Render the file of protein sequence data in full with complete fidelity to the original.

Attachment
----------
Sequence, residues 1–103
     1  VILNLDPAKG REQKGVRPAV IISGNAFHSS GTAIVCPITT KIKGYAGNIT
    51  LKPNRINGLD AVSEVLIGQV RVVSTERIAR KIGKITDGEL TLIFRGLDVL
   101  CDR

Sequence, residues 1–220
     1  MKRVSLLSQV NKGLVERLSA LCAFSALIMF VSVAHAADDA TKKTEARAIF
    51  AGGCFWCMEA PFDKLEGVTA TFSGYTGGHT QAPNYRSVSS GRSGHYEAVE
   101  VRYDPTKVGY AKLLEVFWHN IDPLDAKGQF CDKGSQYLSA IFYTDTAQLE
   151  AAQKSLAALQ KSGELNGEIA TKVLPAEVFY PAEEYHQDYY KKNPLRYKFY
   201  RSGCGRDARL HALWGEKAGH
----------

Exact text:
Sequence, residues 1–103
     1  VILNLDPAKG REQKGVRPAV IISGNAFHSS GTAIVCPITT KIKGYAGNIT
    51  LKPNRINGLD AVSEVLIGQV RVVSTERIAR KIGKITDGEL TLIFRGLDVL
   101  CDR

Sequence, residues 1–220
     1  MKRVSLLSQV NKGLVERLSA LCAFSALIMF VSVAHAADDA TKKTEARAIF
    51  AGGCFWCMEA PFDKLEGVTA TFSGYTGGHT QAPNYRSVSS GRSGHYEAVE
   101  VRYDPTKVGY AKLLEVFWHN IDPLDAKGQF CDKGSQYLSA IFYTDTAQLE
   151  AAQKSLAALQ KSGELNGEIA TKVLPAEVFY PAEEYHQDYY KKNPLRYKFY
   201  RSGCGRDARL HALWGEKAGH